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Chemobrain: Research the Nurse Can Apply

By Jill Shelton, RN, BSN
PUBLISHED THURSDAY, JANUARY 1, 1970
Jill Shelton, RN, BSN

Jill Shelton, RN, BSN

As nurses, we are often in a unique position to detect subtle changes in our patients, ones that cannot be seen on a monitor or gleaned from an office visit. A slight change in behavior or mood can indicate a problem under the surface, and perhaps nowhere is this more applicable than in our ability to detect signals of chemotherapy-induced cognitive impairment (CICI), also known as “chemobrain.” We must diligently listen to our patients, validate their concerns, and provide strategies they can apply.

To be effective in this endeavor, nurses must stay current with the research and recommendations, with an eye toward understanding possible causes, treatment strategies, and most importantly, learning how we can best support these patients.

Assessing Chemobrain
With symptoms such as short-term memory loss, difficulty multitasking, and impaired thinking, CICI can be accompanied by commonly associated conditions like fatigue, insomnia, and depression. The research shows that patient concerns most commonly involve learning and memory, processing speed, verbal and spatial abilities, and problems with executive function (eg, planning and decision making).1,2

A validated assessment tool for CICI has not yet been established. Neuroimaging has been used in the setting of studies or clinical trials but is not a cost-effective option.2 An MRI may reveal decreased integrity and volume of cerebral gray and white matter, as well as structural and functional changes that correlate with complaints of cognitive decline.1,3 

Neuropsychological testing is time consuming for patients and requires special training to administer. Self-reporting of cognitive decline by patients, although difficult to quantify, still provides important data that indicate what the patient is experiencing and whether there has been improvement.2

Functional MRIs have been used to assess brain activity while performing tasks. Susan Krigel, PhD, a licensed clinical psychologist with the Midwest Cancer Alliance, described a 2007 study by Ferguson et al involving 60-year-old twins—one who had had chemotherapy and one who hadn’t—and each was asked to perform tasks during a functional MRI. For the woman who had chemotherapy, more parts of her brain were seen to be working at the same task, suggesting areas of hyperactivity that may demonstrate deficits.4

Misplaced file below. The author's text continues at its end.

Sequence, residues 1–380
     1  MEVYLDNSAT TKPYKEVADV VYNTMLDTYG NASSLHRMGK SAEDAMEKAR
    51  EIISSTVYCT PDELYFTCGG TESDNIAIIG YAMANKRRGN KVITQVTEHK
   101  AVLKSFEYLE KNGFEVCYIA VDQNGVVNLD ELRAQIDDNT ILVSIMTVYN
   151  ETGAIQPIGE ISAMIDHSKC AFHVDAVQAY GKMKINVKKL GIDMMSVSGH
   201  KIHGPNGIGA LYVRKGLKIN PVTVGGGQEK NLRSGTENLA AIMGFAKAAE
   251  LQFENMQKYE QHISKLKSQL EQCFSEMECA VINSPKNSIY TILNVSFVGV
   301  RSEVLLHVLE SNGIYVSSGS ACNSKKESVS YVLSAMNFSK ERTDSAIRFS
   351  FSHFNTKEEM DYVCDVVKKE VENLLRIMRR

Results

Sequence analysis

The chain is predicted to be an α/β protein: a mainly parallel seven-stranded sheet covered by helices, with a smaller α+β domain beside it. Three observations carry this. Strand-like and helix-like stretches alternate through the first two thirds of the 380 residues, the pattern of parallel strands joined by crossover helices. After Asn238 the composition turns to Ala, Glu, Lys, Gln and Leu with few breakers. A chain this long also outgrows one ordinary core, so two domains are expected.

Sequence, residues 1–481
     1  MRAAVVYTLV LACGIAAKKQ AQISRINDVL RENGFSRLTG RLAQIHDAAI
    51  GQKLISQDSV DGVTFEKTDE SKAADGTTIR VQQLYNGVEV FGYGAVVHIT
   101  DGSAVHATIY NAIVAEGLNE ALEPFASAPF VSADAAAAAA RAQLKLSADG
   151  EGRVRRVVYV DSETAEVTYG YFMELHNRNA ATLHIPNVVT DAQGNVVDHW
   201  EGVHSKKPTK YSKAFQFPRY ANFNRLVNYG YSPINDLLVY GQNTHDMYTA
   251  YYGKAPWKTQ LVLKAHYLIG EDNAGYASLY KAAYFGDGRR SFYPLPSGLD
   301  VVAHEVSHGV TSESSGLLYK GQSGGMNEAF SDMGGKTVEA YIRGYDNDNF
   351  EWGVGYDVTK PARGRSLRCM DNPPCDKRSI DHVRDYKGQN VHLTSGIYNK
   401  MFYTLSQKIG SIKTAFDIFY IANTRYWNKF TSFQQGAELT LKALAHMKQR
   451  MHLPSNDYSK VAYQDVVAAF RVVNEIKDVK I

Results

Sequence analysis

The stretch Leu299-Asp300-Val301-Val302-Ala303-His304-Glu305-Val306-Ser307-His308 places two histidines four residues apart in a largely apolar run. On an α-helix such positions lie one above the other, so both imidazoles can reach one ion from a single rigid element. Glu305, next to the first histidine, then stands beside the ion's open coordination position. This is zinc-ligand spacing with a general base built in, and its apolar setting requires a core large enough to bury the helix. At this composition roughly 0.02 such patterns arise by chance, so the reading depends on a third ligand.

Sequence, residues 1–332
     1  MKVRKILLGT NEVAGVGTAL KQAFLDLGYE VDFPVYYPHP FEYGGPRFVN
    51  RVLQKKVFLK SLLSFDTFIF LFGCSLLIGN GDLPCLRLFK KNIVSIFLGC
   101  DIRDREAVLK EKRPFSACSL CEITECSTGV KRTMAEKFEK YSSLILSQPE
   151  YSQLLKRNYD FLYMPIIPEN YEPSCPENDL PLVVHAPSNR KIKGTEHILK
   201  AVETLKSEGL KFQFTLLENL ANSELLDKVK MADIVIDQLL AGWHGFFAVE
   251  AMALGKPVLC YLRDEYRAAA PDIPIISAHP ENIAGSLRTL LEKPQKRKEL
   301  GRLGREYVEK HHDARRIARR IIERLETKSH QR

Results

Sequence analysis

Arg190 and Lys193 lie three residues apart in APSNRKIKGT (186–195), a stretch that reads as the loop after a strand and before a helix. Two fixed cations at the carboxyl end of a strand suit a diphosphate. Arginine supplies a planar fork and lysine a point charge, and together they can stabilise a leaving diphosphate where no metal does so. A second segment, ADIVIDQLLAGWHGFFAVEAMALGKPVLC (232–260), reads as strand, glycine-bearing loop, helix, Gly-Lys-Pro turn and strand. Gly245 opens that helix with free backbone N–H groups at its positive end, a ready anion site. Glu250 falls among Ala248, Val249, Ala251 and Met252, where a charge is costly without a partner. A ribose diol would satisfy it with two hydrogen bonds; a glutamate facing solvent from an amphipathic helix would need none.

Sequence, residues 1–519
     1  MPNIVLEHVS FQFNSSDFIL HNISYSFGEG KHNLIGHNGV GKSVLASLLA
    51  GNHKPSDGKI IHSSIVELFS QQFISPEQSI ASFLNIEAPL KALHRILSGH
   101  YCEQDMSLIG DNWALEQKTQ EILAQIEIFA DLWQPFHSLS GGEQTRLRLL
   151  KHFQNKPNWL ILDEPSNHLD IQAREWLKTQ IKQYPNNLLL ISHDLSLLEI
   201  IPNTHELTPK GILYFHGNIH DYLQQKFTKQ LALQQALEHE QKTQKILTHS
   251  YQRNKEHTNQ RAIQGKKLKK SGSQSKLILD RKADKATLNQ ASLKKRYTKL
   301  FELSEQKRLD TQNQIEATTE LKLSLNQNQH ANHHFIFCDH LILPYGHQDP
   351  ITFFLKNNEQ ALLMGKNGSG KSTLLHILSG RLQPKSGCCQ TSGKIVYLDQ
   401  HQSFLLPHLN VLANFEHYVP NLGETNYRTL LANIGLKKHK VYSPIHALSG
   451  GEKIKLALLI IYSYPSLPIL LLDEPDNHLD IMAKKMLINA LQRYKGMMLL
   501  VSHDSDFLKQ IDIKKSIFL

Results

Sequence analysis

“There has also been some thought as time has gone on, that areas of hypoactivity are also indicative of problems,” Krigel explained. “Even at rest, there are differences in what the brain is doing … people who’ve had chemotherapy, whose brains are really active, they’re kind of ping-ponging around as if they have attention deficit disorder.”

Possible Causes of Chemobrain
Merriman et al proposed a model suggesting that the combination of cancer treatment and clinical factors results in changes to regulation of hormones, neurotransmitters, and cytokines. In combination with age and genetics, this leads to cognitive changes.5 Fardell et al proposed a model suggesting that “chemotherapy increases inflammation and oxidative stress and decreases brain vascularization, neurogenesis, growth factors, and catecholamines,” leading to impaired memory and learning.6

Genetic predisposition
Arash and Myers note that variants of genes encoded with apolipoprotein E (APOE), which is involved in repairing the brain after injury, and catechol-O-methyltransferase (COMT), which participates in the breakdown of catecholamines, are associated with age-related decline. The “accelerated aging hypothesis” suggests that cancer treatment speeds up the aging process through multiple channels (ie, inflammation, DNA damage) and individual patients may be susceptible to a certain channel.2 

Direct neurotoxicity
While we know that certain chemotherapy drugs are especially neurotoxic, it can be difficult to differentiate them when multiple agents are used in combination, in addition to radiation or surgery.2